We are more.
I found this saying by Brian Stevenson, Equal Justice Project, in his book “Just Mercy” (there’s also a film by the same name starring Michael B. Jordan, and Jamie Foxx). He states “each of us is more than the worst thing we have ever done. … We are all implicated when we allow other people to be mistreated. An absence of compassion can corrupt the decency of a community, a state, a nation. … I believe necessarily that we all need mercy, we all need justice, and perhaps we all need some measure of unmerited grace.”
We are more than the worst thing we have ever done. That’s good stuff, don’t you agree?
Others define us by what we do, and we in turn define others by what they do.
The things we do are not us, at least not entirely. We might do things because we are experiencing a mental health crisis or out of desperation, or just because it seemed like a good idea at the time.
Dr. Albert Ellis, father of rational emotive behavior therapy said, “To define others, or ourselves for that matter, for one behavior out of the thousands of behaviors we may do over a lifetime is ridiculous.”
Why does this happen?
In social psychology we call this the “fundamental attribution error.”
What is the fundamental attribution error? It refers to our tendency to attribute what others do — behaviors, acts — to their character or their personality flaws while attributing our own behaviors to forces beyond our control.
Another way of saying this is we cut ourselves a break, but we don’t do the same for others. We hold others accountable for what they do, but we don’t hold ourselves accountable.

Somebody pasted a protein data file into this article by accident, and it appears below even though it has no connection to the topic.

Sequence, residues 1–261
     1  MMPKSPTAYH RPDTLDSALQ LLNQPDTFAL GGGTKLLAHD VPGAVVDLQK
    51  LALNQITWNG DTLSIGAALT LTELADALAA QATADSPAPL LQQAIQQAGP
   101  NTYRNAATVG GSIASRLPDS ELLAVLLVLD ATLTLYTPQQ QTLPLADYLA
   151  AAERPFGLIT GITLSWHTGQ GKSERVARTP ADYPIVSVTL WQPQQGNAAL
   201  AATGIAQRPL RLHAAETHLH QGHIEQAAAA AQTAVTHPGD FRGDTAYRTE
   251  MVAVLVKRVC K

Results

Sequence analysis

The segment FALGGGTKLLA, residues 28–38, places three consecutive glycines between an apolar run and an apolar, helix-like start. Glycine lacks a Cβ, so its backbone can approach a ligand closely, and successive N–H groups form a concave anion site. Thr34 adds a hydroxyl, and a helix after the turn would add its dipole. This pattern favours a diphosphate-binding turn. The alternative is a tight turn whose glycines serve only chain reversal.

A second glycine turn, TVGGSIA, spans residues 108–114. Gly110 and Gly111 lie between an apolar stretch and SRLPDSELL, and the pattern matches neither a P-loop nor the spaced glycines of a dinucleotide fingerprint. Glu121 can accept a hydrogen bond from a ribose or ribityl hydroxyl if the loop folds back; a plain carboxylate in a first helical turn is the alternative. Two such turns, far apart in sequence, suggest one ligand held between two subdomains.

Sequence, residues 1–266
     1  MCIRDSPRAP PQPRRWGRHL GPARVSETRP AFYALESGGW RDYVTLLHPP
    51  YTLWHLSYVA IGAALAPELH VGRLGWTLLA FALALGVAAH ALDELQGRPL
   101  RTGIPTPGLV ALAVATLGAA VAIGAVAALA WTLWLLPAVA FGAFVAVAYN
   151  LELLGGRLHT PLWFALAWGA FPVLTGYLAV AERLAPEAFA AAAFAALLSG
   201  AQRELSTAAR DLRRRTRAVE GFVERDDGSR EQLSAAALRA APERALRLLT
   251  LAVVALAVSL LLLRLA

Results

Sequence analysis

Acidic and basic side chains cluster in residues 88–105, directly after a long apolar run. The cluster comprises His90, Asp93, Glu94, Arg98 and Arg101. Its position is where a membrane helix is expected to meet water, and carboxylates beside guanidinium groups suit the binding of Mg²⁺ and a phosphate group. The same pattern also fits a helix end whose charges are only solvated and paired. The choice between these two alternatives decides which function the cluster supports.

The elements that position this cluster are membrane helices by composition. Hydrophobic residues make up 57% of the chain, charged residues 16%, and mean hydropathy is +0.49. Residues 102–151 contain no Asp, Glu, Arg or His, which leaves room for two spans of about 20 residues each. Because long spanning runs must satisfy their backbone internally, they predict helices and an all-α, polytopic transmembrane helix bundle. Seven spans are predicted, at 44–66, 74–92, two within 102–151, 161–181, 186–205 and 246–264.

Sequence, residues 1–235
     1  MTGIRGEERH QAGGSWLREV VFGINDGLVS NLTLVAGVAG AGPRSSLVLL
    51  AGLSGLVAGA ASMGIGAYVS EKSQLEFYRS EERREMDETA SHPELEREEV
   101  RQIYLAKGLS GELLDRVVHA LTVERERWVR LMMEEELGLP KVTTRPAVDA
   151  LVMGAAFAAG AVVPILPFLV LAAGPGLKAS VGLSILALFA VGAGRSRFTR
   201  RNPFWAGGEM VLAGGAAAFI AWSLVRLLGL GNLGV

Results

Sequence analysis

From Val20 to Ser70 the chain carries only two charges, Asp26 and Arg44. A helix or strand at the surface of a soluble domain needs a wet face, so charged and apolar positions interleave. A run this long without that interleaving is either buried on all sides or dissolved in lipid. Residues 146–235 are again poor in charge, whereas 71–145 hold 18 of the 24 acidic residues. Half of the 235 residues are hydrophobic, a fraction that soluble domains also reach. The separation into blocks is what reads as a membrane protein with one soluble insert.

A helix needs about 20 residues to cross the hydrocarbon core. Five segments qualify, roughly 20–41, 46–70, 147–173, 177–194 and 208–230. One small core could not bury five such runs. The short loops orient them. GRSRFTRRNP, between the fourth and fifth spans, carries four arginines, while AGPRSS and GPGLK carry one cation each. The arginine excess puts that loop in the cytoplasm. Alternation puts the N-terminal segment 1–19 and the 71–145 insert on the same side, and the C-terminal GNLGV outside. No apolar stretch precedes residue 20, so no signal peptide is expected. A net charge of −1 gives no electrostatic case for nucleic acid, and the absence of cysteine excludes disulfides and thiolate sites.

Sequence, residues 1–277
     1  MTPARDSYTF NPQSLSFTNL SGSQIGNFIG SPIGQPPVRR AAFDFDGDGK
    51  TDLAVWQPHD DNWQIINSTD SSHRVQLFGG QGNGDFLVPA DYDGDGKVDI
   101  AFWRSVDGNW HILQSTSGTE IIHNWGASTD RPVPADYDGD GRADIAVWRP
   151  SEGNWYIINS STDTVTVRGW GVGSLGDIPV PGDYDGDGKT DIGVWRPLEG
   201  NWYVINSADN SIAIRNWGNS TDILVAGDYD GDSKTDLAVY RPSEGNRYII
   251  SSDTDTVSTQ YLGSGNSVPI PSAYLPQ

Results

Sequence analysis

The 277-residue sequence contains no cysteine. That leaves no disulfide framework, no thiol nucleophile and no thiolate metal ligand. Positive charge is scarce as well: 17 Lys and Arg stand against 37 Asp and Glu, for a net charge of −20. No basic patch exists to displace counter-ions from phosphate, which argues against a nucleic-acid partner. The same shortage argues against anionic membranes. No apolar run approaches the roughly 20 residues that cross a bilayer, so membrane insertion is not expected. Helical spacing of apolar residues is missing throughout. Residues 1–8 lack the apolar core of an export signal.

It’s called an “error” because we fail to take into account the situation or circumstances this person may have found themselves in. Maybe they had no choice but to commit the act. Maybe it was the choice between two evils, and they chose the lesser evil of the two.
The fundamental attribution error exists because it’s how we perceive our world. Because you and I, when it comes to our own actions, have some inkling of our own character, inducements and circumstantial factors that affect us daily — but we rarely know what’s going on with someone else.
So, what do we do when it comes to others? We literally make things up, based on limited knowledge of the person or the circumstances.
The fundamental attribution error is similar to what social psychologists call the “confirmation bias.” In fact, the two often go hand in hand. In the confirmation bias, we tend to search, explicate and recollect information in a way that supports our long-held belief. In doing this, we select information that supports our perspective and ignore information that is contrary to that belief.
So next time you are tempted to judge someone, ask yourself: Do I really know the reason why this person is acting this way? The answer is you probably don’t. Because we don’t know why others are acting or doing what they are doing then we shouldn’t judge them, right? Right!
Brain Stevenson is correct. “We all need some measure of unmerited grace.”
Give grace to others. Giving grace simply means you make the conscious choice to be courteous and nonjudgmental. Here is a truism: The more you give grace, the more you will receive in return.
Because you and I “are more than the worst thing we have ever done.”
Richard Stride is the current CEO of Cascade Community Healthcare. He can be reached at email@example.com.